Geography Curriculum Overview
At Thornton Primary School we strive to create a geography Curriculum which we believe helps to provoke and provide answers to questions about the natural and human aspects of the world through opportunities to question, investigate and debate important geographical issues which will impact the immediate locality, nearby regions and the wider world.
We follow the Oddizzi Scheme of work to teach our geography curriculum. Oddizzi is an e-learning resource and community that immerses children in the real world. It enables children – wherever they are – to ‘break out’ of their own world and join a global community of like-minded children. Children using Oddizzi can view the world through the eyes of people who are passionate about the places they are sharing. It carefully builds a solid understanding of the people, places and cultures of the world.
The National Curriculum states:
“A high-quality geography education should inspire in pupils a curiosity and fascination about the world and its people that will remain with them for the rest of their lives. Teaching should equip pupils with knowledge about diverse places, people, resources and natural and human environments, together with a deep understanding of the Earth’s key physical and human processes. As pupils progress, their growing knowledge about the world should help them to deepen their understanding of the interaction between physical and human processes, and of the formation and use of landscapes and environments. Geographical knowledge, understanding and skills provide the framework and approaches that explain how the Earth’s features at different scales are shaped, interconnected and change over time.”
The national curriculum for geography aims to ensure that all pupils:
- develop contextual knowledge of the location of globally significant places – both terrestrial and marine – including their defining physical and human characteristics and how these provide a geographical context for understanding the actions of processes
- understand the processes that give rise to key physical and human geographical features of the world, how these are interdependent and how they bring about spatial variation and change over time
- are competent in the geographical skills needed to:
- collect, analyse and communicate with a range of data gathered through experiences of fieldwork that deepen their understanding of geographical processes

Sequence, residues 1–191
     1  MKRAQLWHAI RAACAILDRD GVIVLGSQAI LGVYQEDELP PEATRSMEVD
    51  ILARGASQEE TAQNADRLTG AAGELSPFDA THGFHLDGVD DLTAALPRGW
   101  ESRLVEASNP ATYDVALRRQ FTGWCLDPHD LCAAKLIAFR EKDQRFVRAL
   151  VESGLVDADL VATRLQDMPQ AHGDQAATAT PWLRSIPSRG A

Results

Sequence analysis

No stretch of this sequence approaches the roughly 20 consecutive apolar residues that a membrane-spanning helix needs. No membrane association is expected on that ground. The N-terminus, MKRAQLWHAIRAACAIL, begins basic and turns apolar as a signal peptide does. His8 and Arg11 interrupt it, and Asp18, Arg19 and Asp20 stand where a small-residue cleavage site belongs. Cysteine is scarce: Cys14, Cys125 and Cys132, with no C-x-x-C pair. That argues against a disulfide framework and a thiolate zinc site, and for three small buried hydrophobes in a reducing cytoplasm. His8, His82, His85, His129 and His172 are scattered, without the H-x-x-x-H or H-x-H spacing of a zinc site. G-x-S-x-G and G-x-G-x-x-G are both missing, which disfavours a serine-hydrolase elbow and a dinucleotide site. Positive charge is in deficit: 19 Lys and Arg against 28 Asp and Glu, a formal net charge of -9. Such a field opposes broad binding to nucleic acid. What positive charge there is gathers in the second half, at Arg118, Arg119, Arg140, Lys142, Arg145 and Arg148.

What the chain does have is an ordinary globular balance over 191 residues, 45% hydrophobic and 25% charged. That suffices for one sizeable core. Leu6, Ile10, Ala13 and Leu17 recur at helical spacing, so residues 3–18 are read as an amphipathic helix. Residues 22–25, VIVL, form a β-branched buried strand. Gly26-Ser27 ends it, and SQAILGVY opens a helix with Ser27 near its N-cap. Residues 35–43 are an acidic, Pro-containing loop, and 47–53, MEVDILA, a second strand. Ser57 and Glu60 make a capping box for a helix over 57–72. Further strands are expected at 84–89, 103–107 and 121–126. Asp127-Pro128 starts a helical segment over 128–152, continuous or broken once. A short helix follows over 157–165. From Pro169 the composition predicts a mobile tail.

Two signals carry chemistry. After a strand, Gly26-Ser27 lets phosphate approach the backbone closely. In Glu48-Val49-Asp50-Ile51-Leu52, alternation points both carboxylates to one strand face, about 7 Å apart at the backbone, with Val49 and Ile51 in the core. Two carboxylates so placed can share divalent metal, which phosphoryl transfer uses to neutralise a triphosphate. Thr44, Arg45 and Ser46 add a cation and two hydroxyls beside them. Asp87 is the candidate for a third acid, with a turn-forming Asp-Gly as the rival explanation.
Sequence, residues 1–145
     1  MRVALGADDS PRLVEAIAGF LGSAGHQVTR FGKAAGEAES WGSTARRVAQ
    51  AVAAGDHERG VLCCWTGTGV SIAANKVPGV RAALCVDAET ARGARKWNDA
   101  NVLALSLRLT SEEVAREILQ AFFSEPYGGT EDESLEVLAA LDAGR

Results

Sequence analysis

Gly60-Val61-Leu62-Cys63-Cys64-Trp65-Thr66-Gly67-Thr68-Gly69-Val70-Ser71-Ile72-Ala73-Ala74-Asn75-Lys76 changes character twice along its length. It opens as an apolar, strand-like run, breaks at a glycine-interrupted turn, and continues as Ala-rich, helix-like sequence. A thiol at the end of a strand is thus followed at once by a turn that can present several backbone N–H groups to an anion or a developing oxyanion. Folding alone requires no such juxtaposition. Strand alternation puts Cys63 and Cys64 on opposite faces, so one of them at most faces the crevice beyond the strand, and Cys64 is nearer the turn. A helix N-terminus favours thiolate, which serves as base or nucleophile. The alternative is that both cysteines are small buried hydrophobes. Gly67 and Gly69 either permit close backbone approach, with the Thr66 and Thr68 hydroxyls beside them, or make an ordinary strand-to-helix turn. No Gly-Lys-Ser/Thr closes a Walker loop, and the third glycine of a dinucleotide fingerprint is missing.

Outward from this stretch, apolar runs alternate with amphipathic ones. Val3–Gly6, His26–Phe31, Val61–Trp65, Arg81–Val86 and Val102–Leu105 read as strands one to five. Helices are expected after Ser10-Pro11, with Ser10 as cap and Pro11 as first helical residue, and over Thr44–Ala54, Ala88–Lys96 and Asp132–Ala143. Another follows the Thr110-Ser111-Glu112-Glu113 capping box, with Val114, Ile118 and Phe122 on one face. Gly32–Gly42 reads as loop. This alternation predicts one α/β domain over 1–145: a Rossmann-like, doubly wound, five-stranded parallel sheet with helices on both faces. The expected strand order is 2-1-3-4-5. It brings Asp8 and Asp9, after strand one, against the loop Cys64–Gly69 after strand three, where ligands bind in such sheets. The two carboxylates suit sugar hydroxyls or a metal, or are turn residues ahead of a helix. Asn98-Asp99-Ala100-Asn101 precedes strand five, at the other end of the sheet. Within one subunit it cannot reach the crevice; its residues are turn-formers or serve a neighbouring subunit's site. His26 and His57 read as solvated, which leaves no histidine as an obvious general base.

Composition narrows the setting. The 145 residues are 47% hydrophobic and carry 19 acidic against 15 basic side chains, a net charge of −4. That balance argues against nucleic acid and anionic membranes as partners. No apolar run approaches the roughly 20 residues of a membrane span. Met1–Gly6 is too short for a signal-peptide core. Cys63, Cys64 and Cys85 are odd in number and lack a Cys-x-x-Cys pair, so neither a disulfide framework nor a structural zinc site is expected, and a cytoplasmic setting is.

- interpret a range of sources of geographical information, including maps, diagrams, globes, aerial photographs and Geographical Information Systems (GIS)
- communicate geographical information in a variety of ways, including through maps, numerical and quantitative skills and writing at length
From these aims, the scheme identifies four key strands which run through the scheme to ensure that children are taught a broad and balanced curriculum. These strands compromise of
● Place knowledge
● Human and physical geography
● Geographical skills and fieldwork
Our geography curriculum enables children to develop knowledge and skills that are transferable to other curriculum areas such as maths, science and R.E. Children are given the opportunity to conduct fieldwork both on site and in the local community, which allows them to utilise key mathematical skills such as measuring and collecting and analysing data etc. Subject specific vocabulary is taught explicitly and referred to throughout the units to ensure children have the cultural capital to discuss key geographical concepts amongst their peers. Children continually immerse themselves in high quality texts linked to the geography curriculum to further embed their knowledge and understanding.
To help with our implementation of the geography curriculum we have a variety of resources available to all teachers, including:
- Maps, OS Maps
- Fieldwork equipment etc
We support our SEND children by pre-teaching subject specific vocabulary where appropriate and scaffolding learning i.e., using word banks, templates, visual resources etc We are lucky to be able to use our Forest School to further embed and consolidate learning for our SEND learners particularly with regards to mapping and fieldwork opportunities.
We monitor and assess the impact of our geography scheme through both formative and summative assessments. Each lesson provides the teacher with the opportunity to assess the children against the learning objective, this may be through discussions with children or a more formal piece of written work. At the end of each unit children will be assessed on their understanding by completing a short assessment provided by the geography subject leader. These assessments will be provided at a distance from the initial learning e.g., at least 3 weeks after.
We expect that the impact of providing high quality geography lessons in school is that children will be independent geographers that can recognise and name different places around the world and can leave Thornton Primary with a secure understanding of how people and places are connected, from the local to the global.